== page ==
by Wendy Simmons | August 26, 2012 11:23 pm
As the Republican National Convention gets ready to kick off tomorrow in Tampa Bay, Fla., here are three things to look for during the event that will confirm Mitt Romney as the GOP presidential candidate.
As the Republican Party convenes in Tampa to formally nominate Romney and Paul Ryan for President and Vice-President, Hurricane Isaac is poised to rain on their parade. Political conventions are usually a sure-fire way for the candidates to generate a lot of positive media coverage and suck up much of the news cycle. The Romney campaign was counting on the carefully scripted convention to introduce Mitt on its own terms, as a successful businessman and conservative, all-American family guy.
Isaac’s arrival will give the Romney camp an unexpected opportunity to be what everyone assumes he is not: empathetic and likable. Political conventions are formally about nominating candidates and ratifying platforms, but in reality, they are a week of extravagant parties and high-level networking.
Romney faces the unenviable task of presiding over a celebratory, expensive event while his fellow Americans may be facing loss of life and property. Polling data show that although the race between Romney and President Barack Obama is very tight, Americans still generally don’t like Romney and don’t believe he cares about people like them. As his wife Ann and N.J. Gov. Chris Christie give speeches on Tuesday night, right as the worst of the storm is supposed to be hitting the Gulf Coast, the country will be reminded of George W. Bush’s disastrous response to Hurricane Katrina, seven years ago exactly. President Obama will presumably be acting extra-presidential during the crisis and a barrage of attacks from the GOP convention may not go over so well this particular week.
This presidential campaign is the first since the Supreme Court ruled there could be no limit on corporate money in politics. Super PACs have been saturating the airwaves with political ads for almost a year, but now they get to eat their cake, too. While we won’t know the full accounting of which individuals and corporations are funding the convention in Tampa until October, when official reports have to be filed, many companies and wealthy donors are using the convention as a mega-lobbying event, planning parties, dinners and events for the who’s who of the GOP.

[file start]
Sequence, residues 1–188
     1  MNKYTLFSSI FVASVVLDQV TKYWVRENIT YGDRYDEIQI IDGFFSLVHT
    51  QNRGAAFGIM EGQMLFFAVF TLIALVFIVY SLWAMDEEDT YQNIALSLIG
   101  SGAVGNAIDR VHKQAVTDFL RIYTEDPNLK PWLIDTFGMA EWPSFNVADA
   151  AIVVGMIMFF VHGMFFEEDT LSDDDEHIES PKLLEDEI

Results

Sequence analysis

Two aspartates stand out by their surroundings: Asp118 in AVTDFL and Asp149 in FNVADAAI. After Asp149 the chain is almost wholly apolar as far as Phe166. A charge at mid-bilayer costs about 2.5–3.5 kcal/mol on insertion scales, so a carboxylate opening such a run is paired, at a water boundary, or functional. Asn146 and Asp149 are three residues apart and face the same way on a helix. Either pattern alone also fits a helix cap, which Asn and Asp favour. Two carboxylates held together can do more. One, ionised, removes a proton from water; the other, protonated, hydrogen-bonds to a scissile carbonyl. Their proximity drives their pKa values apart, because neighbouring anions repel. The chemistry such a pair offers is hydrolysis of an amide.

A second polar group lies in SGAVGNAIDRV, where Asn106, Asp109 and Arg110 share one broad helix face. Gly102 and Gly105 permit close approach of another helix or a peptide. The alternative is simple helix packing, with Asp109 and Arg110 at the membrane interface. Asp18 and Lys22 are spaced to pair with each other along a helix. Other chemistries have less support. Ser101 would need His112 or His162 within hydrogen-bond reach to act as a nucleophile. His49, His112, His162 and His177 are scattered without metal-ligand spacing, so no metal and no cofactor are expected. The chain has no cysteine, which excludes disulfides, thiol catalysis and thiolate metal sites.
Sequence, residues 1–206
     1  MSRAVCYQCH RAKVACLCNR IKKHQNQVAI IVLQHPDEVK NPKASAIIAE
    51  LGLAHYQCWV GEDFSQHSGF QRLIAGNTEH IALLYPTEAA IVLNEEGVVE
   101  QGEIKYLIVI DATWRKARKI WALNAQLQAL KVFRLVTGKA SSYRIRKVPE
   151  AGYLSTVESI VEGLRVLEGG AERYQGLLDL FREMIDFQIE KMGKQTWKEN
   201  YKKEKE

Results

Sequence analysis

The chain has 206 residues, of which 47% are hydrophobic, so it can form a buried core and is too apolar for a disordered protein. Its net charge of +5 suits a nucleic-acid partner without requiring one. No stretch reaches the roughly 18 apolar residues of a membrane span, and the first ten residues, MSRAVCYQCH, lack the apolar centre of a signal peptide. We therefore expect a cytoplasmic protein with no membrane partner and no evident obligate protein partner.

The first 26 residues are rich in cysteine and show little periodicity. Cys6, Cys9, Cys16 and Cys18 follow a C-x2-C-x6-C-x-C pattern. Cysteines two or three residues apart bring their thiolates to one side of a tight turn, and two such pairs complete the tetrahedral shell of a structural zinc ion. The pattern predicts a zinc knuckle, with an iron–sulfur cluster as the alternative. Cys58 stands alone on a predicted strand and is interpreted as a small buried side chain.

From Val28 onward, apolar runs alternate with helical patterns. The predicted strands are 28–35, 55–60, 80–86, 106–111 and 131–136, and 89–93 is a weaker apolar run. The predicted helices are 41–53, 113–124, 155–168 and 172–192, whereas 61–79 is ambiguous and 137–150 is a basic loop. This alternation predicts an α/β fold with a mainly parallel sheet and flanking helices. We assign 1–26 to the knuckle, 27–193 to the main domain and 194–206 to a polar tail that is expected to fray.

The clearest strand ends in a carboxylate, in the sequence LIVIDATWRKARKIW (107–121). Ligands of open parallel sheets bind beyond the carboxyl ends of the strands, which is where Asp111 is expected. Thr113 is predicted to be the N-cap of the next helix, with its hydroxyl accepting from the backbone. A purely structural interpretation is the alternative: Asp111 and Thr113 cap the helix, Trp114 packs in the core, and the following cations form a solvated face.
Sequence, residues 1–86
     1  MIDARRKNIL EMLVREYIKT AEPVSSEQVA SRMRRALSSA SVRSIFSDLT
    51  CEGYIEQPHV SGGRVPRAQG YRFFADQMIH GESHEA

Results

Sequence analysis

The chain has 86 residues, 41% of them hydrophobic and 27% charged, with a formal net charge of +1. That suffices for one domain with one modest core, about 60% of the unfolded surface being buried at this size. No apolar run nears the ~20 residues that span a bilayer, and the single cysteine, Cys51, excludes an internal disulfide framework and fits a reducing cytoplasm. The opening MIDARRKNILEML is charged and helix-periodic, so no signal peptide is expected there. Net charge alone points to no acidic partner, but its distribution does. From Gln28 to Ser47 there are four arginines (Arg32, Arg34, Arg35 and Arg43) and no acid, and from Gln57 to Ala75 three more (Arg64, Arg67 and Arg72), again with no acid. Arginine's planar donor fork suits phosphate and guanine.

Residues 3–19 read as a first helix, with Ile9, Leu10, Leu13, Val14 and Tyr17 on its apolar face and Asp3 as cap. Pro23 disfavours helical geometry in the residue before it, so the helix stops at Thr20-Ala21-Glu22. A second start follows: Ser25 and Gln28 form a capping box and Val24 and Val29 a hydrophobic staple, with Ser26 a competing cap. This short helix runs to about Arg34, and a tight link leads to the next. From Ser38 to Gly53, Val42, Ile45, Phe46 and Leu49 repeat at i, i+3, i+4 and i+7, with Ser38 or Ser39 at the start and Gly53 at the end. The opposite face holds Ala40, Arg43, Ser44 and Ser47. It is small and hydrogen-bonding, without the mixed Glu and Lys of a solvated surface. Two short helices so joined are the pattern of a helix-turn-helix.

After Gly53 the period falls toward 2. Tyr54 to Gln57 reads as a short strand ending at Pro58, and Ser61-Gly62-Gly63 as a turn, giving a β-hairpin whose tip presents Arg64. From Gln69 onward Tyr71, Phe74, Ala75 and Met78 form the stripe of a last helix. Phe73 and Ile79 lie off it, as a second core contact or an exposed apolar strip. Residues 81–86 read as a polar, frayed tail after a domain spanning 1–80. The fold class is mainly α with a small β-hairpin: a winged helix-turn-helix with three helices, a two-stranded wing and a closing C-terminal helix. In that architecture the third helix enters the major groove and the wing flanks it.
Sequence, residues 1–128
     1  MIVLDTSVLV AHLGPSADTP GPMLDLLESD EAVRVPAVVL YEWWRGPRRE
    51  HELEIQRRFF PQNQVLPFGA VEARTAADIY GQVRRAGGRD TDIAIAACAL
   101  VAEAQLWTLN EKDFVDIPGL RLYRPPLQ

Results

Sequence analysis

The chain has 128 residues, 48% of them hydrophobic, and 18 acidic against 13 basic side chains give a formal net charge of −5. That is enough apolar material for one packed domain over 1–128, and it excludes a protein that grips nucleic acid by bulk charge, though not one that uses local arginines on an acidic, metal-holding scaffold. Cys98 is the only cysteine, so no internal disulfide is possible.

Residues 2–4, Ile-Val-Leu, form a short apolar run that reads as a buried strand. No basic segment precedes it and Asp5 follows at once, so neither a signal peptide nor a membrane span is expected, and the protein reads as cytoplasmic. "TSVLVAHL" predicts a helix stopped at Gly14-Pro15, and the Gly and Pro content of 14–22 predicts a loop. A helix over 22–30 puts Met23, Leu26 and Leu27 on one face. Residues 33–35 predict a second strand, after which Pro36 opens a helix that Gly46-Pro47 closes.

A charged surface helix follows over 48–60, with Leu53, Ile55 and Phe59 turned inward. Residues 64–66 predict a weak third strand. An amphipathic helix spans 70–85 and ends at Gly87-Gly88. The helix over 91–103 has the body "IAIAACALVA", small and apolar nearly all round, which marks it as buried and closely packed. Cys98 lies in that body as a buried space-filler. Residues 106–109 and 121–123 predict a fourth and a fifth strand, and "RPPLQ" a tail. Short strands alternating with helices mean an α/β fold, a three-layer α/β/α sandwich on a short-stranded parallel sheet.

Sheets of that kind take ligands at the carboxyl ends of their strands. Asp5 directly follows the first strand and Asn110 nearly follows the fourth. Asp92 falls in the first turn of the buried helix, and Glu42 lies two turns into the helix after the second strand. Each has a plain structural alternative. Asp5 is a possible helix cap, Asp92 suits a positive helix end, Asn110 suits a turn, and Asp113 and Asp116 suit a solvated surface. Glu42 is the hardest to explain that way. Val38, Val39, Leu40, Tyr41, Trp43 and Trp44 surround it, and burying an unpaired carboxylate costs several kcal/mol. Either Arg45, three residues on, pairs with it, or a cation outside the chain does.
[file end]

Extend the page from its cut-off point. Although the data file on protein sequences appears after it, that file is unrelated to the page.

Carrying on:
In addition to the long list of corporations sponsoring the Republican convention, which include Publix, Coca-Cola (NYSE:KO), TECO Energy (NYSE:TE), Chevron (NYSE:CVX), Wells Fargo (NYSE:WFC) and Walmart (NYSE:WMT), the American taxpayers will also be footing some of the bill. The “host committees” of each party receive $18 million in taxpayer funds for their conventions. That is in addition to the estimated $50 million we the people will be providing to help with security at the event. Keep in this in mind when Romney and Ryan begin their prime-time rants against excessive government spending.
In years past, the official party platform was fodder for only the most serious policy junkies among us. This year, however, is different. When the delegates in Tampa vote to ratify the platform, they will be affirming the party’s unwavering commitment to ban abortion.
While the pro-life position has been the official party line for some time, the difference this year is that it will come in the wake of Missouri senate candidate Todd Akin’s extraordinarily controversial claim that “legitimate” rape does not cause pregnancy and thus is not a reason to restrict the right to an abortion. The official platform of the GOP will not include any exceptions for abortion, except perhaps for the life of the mother.
Conventional wisdom and polling data tells us that most voters are primarily concerned about the economy this year, but the abortion issue has muscled its way into the debate. Although several high-level Republicans have called for Akin to quit his race, he shows no signs of doing so. Instead, he has won the support of former Arkansas Gov. Mike Huckabee, a favorite among evangelicals, who will be given a prime-time speaking role at the convention. While Romney and company would have preferred to put the Akin affair behind them, it will only be highlighted at the convention. This sub-plot threatens to muddy the overall economic message the Republicans hope to send.
The opinions contained in this column are solely those of the writer.
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